Tuesday, December 12, 2017

Tooth Care for Tots and Beyond

I feel like I have just won the lottery when I emerge from the dentist’s office, four kids in tow, and zero cavities on the charts. That is approximately 96 teeth in all (we are somewhere between full adult sets and still working on primary sets). And between those teeth, those children, and all of those years of teeth brushing I realized that totals more than 35,000 times the kids have brushed their teeth (hopefully). I should have bought stock in Colgate. But how is it that something as necessary and basic (and really not time consuming) as brushing teeth can be such a challenge for parents and kids?

Does My Baby Need a Toothbrush?

Yes – but not toothpaste (that can wait until age 2). No one expects a 9-month-old to scrub and rinse effectively, but starting dental care early is essential. The first toothbrush your baby can actually use is a wet washcloth – use it to gently rub your baby’s teeth and gums. I would get a wet, cold washcloth and gently swipe my child’s teeth and gums, then let her take over for a few minutes. If you want something more than a washcloth – especially if your child gets lots of teeth early on – there are a few products designed for the younger crowd.

Finger toothbrush – You place the finger toothbrush (usually made of silicone) over your finger tip and use it to gently massage your baby’s gums and tiny teeth. It can help promote healthy teeth, but I never found it more helpful than a wet washcloth. Also watch out for those biting babies – sticking your finger in a teething child’s mouth isn’t always a safe bet.

Baby brushes – By the time my first child turned 1 she had several teeth and wanted to brush her teeth by herself. A sturdy, larger brush like this one can give your baby the benefits of tooth brushing and is easier for her to grasp. Just watch teething babies who like to chew, chew, chew – those bristles are not made to withstand that much gnawing.

How Can I Teach My Toddler to Brush His Teeth?

For the most part, toddlers don’t like being told how to do anything, but there are a few easy ways to let them convince themselves of how to take care of their teeth.

Brush your teeth in front of them. When my kids were much younger I always made it a point to brush my teeth with the bathroom door open and the kids at my heels. Setting a good example is rarely a bad thing.

Don’t threaten him with the terrors of tooth decay. While the scare tactic of “If you don’t brush your teeth will rot and the dentist will have to pull them” might get him to run to the bathroom and brush his teeth, it also might set him up for a fear of the dentist’s chair.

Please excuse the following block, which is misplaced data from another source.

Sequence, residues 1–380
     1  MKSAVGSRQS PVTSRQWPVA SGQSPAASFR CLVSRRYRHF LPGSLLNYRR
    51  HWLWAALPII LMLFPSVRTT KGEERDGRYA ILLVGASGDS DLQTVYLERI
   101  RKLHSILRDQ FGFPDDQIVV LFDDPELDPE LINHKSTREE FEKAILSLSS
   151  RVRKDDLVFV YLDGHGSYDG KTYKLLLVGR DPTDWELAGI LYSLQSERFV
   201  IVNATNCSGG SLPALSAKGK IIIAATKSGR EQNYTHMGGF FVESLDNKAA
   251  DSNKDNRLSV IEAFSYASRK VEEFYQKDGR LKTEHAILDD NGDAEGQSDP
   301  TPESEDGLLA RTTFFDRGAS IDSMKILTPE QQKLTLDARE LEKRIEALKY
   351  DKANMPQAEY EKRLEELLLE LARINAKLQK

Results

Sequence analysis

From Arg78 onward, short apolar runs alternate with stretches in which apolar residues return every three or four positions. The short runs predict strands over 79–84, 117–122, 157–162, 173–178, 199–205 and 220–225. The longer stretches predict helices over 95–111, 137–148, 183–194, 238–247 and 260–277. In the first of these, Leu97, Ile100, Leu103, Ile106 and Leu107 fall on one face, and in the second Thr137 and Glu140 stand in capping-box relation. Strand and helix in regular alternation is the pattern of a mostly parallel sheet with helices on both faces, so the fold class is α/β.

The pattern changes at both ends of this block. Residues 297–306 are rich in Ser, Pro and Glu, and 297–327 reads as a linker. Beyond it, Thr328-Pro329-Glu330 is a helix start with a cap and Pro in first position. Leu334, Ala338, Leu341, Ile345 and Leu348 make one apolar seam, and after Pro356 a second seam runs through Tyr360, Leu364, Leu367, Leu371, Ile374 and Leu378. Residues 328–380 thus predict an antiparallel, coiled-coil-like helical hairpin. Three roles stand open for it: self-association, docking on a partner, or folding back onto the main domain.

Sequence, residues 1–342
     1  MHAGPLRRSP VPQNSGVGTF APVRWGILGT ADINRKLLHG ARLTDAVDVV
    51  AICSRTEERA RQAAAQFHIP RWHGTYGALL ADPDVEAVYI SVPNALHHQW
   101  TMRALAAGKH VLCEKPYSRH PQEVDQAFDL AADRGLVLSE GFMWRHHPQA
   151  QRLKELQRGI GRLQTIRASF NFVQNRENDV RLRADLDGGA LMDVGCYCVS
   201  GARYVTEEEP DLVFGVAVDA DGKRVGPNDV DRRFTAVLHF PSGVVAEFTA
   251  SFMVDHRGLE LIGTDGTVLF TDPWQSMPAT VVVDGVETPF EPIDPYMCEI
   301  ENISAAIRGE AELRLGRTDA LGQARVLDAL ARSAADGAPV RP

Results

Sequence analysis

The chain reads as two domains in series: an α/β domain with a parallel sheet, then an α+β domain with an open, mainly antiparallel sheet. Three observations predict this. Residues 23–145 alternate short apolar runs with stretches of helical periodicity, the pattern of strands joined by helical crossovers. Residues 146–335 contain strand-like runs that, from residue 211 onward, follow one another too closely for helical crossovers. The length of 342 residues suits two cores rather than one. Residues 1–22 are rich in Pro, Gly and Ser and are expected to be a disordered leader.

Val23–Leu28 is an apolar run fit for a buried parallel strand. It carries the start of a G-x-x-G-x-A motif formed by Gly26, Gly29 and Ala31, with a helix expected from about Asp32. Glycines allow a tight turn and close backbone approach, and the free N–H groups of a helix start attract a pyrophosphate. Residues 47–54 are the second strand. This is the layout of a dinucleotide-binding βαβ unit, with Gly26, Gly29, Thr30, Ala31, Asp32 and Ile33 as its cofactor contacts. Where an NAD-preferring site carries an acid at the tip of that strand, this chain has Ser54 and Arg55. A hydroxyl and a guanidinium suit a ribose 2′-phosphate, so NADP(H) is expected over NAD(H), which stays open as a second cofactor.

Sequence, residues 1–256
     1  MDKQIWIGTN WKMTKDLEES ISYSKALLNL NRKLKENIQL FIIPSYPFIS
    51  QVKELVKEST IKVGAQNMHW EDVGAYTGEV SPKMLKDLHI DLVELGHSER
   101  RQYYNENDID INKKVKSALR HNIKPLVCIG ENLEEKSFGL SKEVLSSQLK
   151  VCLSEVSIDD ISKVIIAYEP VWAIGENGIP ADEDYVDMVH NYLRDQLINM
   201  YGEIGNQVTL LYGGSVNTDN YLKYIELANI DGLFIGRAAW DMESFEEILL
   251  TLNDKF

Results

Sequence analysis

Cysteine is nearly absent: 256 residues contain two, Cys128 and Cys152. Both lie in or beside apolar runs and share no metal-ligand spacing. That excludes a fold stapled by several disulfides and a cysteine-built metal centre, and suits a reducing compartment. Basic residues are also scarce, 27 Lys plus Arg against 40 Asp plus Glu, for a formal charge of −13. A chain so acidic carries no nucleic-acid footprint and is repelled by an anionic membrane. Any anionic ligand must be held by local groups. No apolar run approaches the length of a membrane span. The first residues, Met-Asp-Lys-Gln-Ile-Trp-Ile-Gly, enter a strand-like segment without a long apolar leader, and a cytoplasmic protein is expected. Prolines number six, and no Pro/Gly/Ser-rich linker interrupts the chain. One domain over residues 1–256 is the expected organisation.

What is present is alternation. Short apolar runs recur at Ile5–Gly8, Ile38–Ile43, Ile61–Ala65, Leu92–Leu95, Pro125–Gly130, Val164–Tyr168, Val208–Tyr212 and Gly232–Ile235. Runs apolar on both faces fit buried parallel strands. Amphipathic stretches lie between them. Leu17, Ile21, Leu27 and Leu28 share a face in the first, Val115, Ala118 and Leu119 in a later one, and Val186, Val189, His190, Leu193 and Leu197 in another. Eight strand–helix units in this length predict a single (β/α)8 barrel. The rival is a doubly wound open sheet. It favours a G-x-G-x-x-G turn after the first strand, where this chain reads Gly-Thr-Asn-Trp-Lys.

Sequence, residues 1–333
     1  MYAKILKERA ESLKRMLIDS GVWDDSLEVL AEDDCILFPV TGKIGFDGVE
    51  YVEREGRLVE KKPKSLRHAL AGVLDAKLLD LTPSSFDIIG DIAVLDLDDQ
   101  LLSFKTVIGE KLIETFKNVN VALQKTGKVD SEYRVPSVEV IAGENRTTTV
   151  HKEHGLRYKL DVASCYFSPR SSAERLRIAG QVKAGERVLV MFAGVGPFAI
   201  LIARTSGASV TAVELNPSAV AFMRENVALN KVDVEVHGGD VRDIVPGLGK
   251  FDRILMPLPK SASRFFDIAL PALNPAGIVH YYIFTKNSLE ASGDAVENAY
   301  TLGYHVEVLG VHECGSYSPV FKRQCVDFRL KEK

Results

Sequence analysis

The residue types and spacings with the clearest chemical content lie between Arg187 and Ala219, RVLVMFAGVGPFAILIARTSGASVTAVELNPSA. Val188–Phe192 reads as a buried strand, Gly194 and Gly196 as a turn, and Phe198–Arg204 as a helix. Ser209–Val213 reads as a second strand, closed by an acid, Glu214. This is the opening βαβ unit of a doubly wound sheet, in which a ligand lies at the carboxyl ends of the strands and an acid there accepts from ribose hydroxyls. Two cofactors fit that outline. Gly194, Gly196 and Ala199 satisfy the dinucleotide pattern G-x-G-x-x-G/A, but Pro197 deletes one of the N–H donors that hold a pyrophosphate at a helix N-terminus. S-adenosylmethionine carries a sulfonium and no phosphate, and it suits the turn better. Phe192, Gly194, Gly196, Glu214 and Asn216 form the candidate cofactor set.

Use a behavior chart. Tooth brushing is just one of those things that needs to develop into a habit, and habits are created over time through consistent behaviors. This doesn’t mean we as parents need to consistently remind our kids to brush their teeth. Instead, use a chart like the ones below to get your child into the habit.

Dental Care for Kids

Healthy teeth and gums require more than good brushing. Here are a few other tips I learned along the way that have saved time, energy, and mouth pain for my kids.

  • Don’t put sugary drinks in bottles and sippy cups. These can promote early tooth decay.
  • Take your child for her first visit to the dentist when she has her first few teeth, but find a dentist who is gentle and patient.
  • Get your child hand held flossing picks. They are much easier for kids to use than wrapping dental floss around their fingers, and they are just as effective.
  • Talk with your kids about the effects of sticky, sweet foods on their teeth, and the importance of brushing right after those special treats.
  • Give your child some choices. This starts when you let them pick their own toothbrush and paste, and moves right through to that first orthodontist appointment. We have one child (so far…) who will benefit from braces, but we are letting him choose when he is ready for that step. He is the one who will have to change some of his eating habits to accommodate the braces, brush even more diligently than before, and put up with the orthodontist visits and the apparatus in his mouth. I guess I just have to put up with the bill!

Related posts:

  1. Toys for your Tots: What’s Good and Appropriate?
  2. Using Kangaroo Mother Care to Support Breastfeeding
  3. Summer Skin Care for the Whole Family

View full post on Parenting Tips For Raising Successful Kids | BetterParenting.com

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